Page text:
The Princess and the Monster

“Please, I’m so hungry. I promise I won’t try to leave again,” she pleaded with her silent capture.
The manacle on her leg clanked loudly as she fell to her knees. She looked up at her capture, her eyes swimming with tears, desperate for any kind of food. She winced as a bowl was dropped in front of her, splashing the tasteless oatmeal all over her and the floor.
Her capture looked at her with glee as she ate the disgusting food by the fistful. She would learn or she would starve.

Princess Elania shoved the painful memories of the tower and her life there aside. She was never going back. She vowed to never touch oatmeal again.
The Princess’s heart soared as her hair whipped in the wind. She had been trapped in that tower for as long as she could remember. She had spent every second of everyday in constant fear and dread. From all that she could gather, her parent’s had sent her there when she was very young.
Princess Elania could not even remember what her parent’s looked like anymore. Everytime she tried to ask why she was trapped in this tower, her capture answered with stony glares and silence.
Her capture was a monster. The longer she stayed trapped the more she became aware of that fact. The only times she ever stepped outside, the monster hovered close by to keep her in check.
“This is amazing,” Elania laughed as her prison faded into the distance.
Her face ached from smiling so big. She honestly could not believe that someone had finally come to her rescue. She had started to believe that she was going to die in that tower, never knowing why she had been abandoned there. Her smile faded as she tried to remember her parent’s face’s.
“Please, can’t I just see them? I don’t understand!” Elania screamed at her capture’s back as he walked away.
He turned and his face split into an evil toothy grin. He seemed amused by the tears streaming down her face. A low rumble echoed around the room.
“Are you laughing,” she sobbed, realizing she was never going to leave her prison.

Her heart had broken that day. She knew no one was coming for her and no one ever would. It was just going to be her and the monster forever. That was the day she learned that she had to look after herself.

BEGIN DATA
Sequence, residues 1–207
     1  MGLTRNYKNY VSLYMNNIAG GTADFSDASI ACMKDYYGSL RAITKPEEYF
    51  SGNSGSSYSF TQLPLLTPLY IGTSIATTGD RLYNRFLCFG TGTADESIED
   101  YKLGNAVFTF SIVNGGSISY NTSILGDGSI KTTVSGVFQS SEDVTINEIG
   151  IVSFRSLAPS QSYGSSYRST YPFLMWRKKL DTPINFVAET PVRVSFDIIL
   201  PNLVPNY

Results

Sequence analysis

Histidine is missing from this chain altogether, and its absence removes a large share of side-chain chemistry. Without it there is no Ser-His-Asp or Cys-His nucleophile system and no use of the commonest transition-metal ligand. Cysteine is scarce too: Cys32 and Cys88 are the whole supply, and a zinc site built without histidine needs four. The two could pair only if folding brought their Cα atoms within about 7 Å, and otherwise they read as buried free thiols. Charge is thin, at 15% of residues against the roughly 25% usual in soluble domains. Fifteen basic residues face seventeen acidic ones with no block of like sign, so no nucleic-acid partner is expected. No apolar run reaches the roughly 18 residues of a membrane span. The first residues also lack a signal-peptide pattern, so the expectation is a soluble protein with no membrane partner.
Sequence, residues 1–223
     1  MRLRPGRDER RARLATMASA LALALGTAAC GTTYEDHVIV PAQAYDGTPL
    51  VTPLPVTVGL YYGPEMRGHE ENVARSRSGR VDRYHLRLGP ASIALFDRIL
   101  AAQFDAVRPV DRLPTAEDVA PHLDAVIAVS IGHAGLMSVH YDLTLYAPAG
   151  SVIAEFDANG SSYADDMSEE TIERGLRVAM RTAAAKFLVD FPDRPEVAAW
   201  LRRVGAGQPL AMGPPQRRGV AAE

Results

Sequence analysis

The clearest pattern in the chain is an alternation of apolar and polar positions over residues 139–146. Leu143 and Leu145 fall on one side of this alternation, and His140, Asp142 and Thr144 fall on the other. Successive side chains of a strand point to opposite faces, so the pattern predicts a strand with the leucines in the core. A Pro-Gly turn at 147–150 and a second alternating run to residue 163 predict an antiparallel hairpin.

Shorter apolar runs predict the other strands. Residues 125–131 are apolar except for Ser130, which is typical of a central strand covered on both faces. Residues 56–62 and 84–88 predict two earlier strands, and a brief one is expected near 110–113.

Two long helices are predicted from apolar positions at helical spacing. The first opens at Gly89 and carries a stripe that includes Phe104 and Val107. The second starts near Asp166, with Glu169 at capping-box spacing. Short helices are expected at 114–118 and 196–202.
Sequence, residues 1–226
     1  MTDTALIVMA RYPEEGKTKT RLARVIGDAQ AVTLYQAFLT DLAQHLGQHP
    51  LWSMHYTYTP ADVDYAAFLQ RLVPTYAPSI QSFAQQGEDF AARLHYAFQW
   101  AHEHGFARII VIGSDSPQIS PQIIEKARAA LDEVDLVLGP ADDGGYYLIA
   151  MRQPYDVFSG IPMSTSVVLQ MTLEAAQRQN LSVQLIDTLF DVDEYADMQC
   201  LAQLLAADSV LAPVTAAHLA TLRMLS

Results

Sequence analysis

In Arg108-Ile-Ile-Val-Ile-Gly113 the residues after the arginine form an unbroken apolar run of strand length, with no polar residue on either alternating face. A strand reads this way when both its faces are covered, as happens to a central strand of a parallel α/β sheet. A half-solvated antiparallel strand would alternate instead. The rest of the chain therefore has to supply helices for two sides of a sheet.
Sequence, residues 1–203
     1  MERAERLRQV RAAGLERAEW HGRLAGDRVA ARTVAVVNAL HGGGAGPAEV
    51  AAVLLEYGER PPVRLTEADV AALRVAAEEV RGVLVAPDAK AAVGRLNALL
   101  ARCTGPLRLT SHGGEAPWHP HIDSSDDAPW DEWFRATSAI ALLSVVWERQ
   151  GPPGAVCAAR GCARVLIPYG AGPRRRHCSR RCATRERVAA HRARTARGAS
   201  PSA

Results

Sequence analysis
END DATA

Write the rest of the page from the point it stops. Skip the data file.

“Where are you taking me,” she called after her rescuer.
Her rescuer looked back at her with kind eyes and a soft face, but he did not answer. She didn’t really care what the answer was, as long as she was free. She tried to soak everything in, the green plants and the beautiful rolling hills. She had never seen anything but stone walls before.
When the tower was far behind them, her rescuer folded his giant wing’s and landed softly on the springy grass. Smoke curled up from his nostrils as she climbed off of his scaly back. The dragon looked back at her, before opening his wings and with one gigantic thrust, shot into the sky. She watched him circle gracefully, before flying off into the sunset.
Elania did not know why that dragon had saved her from the tower, she just knew she would be forever greatful to be away from her supposed Prince.

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My Favorite Character

When I started writing Tony and the Tamers, I was the typical nerdy teen. I wanted all of my characters to be relatable and in doing that, they all turned out the same. I worked on my book all through High school and stopped during college.
When I started working in it again, I realized I needed to do some serious rewriting to fix the characters. The four main characters are Tony, Patrick, Jared, and Matt. They all had family issues and were angry with the way their lives had turned out.
Instead of furthering the story, I immediately began to fix each character’s origin and attitude. I had a notebook where I wrote everything I could think of, down to hair color and height. I like to call this process brain dumping. While brain dumping, I grew to love Patrick. Other then his traumatic upbringing, I feel the most kinship to him.